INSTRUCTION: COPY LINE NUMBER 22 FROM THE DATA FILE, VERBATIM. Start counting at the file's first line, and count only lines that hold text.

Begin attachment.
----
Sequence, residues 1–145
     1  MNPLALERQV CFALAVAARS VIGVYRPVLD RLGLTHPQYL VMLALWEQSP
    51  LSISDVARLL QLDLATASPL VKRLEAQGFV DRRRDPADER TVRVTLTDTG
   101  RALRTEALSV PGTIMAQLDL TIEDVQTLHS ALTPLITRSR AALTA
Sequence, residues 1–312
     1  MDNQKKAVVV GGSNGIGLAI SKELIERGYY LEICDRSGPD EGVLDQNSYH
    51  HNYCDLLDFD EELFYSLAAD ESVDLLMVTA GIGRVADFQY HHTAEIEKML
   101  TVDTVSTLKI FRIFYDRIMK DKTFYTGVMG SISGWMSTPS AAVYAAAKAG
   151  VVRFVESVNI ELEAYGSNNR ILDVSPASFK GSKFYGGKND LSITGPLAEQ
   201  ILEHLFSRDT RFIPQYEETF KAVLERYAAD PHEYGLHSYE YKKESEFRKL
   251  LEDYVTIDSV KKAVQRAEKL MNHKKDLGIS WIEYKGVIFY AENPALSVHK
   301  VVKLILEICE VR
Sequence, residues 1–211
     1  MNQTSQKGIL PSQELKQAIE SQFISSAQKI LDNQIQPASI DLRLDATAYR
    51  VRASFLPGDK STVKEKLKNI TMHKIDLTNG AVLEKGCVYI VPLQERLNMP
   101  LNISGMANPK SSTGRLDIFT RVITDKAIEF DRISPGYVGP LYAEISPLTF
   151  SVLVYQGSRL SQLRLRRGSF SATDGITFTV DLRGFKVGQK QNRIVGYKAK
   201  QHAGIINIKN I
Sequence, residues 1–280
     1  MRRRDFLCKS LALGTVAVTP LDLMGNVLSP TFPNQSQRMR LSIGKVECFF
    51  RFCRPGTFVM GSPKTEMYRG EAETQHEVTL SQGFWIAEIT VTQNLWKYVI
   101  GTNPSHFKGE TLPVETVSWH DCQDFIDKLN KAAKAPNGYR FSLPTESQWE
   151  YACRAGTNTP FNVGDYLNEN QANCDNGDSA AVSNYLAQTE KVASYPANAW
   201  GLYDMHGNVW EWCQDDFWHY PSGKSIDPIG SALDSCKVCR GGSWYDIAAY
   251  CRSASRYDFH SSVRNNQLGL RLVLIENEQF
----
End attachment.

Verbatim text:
   101  GTNPSHFKGE TLPVETVSWH DCQDFIDKLN KAAKAPNGYR FSLPTESQWE